This was originally left as a comments to an earlier post by Angie. Since there is so much here I thought I’d publish as a post in its own right.
People now love to visit Swaledale as one of the most magnificent Yorkshire dales for scenery. My dad always said it was very bleak when he lived there, especially in the long winters. There was a lot of depression & suicides were not uncommon. My auntie thought that was partly because of the brooding hills which seemed to overwhelm some people, & possibly also because of the effect of lead leeching through water pipes into humans.
My dad & his four siblings grew up in the 1920s & 30s, my granddad scraping for work despite his status as a stone mason, the family next door staying indoors on Sundays because they didn’t have any Sunday clothes to wear. People who didn’t have sixpence for the doctor just doing without. My auntie had a story about a man who broke his back at the quarry being brought home screaming on the back of a trailer & put to bed to die without any medication. My granny was very anti drink & ‘signed the pledge’ because families suffered great hardship if the head of the household spent essential money on alcohol.
Electricity made the Dales more acceptable. I still remember in the 1950s taking a candle to go across the yard to the flush (luxury) toilet – fun as a kid but not permanently as an adult. There was in time electric light in the living room but not upstairs so oil lamps & candles were used until the 1960s.
Transport was difficult – I know it seemed to take a long time for us to make the trip from Preston & later Keighley. Now it can be done in 2-3 hours. Then cars broke down & the moors seemed incredibly steep & empty, although as a child I enjoyed the fun of leaping out to open & close all the gates which were later replaced by cattle grids. Buses were on market day or for school in Richmond.
It was a hard life with work a central feature. The family kept some chickens to supplement their income & my granny ran Grinton post office which then included walking all around the dale to outlying farms to deliver letters & parcels, even on Christmas day. Church was a central focus – my auntie played the organ from the age of 14, her mother cleaned the building, her dad dug graves & was a church warden & her four brothers sang in the choir.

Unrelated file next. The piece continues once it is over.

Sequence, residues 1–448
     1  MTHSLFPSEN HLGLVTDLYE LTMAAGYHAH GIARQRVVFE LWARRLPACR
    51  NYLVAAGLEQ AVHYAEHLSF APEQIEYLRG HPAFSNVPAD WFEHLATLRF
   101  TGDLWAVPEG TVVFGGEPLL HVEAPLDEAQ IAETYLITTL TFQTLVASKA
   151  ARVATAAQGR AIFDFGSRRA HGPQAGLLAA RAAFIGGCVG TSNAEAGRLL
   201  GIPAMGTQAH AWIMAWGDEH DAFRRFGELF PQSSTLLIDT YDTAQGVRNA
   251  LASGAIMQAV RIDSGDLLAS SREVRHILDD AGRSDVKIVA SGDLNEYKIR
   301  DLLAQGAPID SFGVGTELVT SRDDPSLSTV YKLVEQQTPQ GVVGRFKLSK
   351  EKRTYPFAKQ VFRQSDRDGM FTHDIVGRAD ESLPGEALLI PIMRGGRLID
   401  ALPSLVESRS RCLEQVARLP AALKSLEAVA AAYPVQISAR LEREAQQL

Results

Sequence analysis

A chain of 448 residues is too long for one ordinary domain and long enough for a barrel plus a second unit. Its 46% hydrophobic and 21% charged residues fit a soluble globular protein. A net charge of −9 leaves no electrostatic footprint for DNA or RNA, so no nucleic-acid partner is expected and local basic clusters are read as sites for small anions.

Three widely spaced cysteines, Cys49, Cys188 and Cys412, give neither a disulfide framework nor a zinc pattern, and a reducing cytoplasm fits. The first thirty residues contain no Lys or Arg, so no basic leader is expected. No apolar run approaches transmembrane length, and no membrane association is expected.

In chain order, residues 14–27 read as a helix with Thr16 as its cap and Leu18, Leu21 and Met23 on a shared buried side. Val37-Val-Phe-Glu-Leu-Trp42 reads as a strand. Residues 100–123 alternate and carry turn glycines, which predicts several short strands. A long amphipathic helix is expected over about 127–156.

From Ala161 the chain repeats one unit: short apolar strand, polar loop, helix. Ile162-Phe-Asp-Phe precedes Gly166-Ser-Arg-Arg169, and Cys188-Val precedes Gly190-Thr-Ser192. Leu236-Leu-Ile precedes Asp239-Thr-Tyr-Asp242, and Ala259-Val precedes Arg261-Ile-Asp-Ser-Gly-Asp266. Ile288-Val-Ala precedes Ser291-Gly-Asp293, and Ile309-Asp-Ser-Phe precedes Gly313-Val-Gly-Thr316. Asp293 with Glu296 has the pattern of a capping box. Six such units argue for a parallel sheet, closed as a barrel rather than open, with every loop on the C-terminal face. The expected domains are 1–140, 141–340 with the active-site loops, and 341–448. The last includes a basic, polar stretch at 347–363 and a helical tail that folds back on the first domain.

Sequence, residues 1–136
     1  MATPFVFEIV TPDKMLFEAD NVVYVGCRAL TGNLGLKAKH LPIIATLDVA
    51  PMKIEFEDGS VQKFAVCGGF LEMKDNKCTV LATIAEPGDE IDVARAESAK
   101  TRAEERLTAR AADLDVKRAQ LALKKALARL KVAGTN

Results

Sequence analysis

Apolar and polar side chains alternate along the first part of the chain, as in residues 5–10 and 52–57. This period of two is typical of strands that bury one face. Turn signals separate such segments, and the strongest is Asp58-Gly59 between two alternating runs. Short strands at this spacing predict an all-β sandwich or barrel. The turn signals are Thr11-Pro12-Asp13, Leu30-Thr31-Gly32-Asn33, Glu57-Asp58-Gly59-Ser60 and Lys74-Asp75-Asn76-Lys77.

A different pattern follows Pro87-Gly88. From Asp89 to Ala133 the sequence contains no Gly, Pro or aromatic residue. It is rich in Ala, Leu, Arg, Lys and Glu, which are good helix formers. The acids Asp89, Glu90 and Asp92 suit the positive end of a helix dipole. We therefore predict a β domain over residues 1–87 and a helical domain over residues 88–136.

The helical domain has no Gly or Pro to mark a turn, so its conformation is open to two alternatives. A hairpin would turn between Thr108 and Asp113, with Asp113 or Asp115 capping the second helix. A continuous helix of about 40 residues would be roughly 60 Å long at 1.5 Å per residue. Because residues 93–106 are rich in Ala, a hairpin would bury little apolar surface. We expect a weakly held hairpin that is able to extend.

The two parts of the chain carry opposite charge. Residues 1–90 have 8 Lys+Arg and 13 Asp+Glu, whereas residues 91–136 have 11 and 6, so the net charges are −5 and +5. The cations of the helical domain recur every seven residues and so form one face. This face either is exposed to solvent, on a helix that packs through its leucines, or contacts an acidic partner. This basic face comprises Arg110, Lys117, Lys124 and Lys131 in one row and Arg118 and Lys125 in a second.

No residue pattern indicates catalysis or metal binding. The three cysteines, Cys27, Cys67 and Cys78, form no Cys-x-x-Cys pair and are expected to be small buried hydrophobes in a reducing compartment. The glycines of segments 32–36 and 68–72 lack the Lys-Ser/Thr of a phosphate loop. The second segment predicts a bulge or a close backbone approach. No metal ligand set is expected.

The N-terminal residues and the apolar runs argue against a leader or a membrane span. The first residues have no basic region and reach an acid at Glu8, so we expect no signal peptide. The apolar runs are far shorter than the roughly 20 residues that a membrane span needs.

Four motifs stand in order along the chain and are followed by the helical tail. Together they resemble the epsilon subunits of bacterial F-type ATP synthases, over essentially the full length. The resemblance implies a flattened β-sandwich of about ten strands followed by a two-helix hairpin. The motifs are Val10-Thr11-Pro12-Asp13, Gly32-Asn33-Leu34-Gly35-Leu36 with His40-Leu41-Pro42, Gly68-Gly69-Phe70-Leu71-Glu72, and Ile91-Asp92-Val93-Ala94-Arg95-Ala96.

Two of my dad’s uncles came back from the first world war very troubled mentally. Their marriages broke up & one was seen around Reeth muttering to himself & writing words in chalk on the pavements. What a shock it must have been to come from a remote village to the battlefields of Europe & back again.
My dad was a conscientious objector in the 1930s when he first went to Oxford University, but changed his mind about pacifism when Hitler overran Czechoslovakia – as did many others. He heard great debates at the Oxford Union with all the famous politicians attending, including Winston Churchill & Vera Brittain. Two of his brothers remained C.O.s through the war which was difficult for his father living in a small community where it was still seen as cowardly not to fight.
Just why are those people flashing their lights? At me. Driving along this morning, the oncoming cars, the drivers, were flashing their lights. Something wrong with the car? Do I need to stop and see if something is flapping, or dragging along the ground? Something worrisome about the car I can’t see, but they can. There is something going on here. They are saying something, but what?
When something like this happens, drivers communicating something the tendency is to slow down and wonder and be warned. And that was precisely it. The message was SLOW DOWN there is a police vehicle up ahead with a speed camera aboard. Slow down or you will get a ticket! This all set me pondering the whole business of regulation generally. Not to mention the preceptual implications of warning other drivers about speed traps. I smiled inwardly because the police presence may not have caught anybody speeding but it did caused drivers to regulating each others speed. And that, after all, is the point of the police presence. To discourage drivers breaking the rule of the road.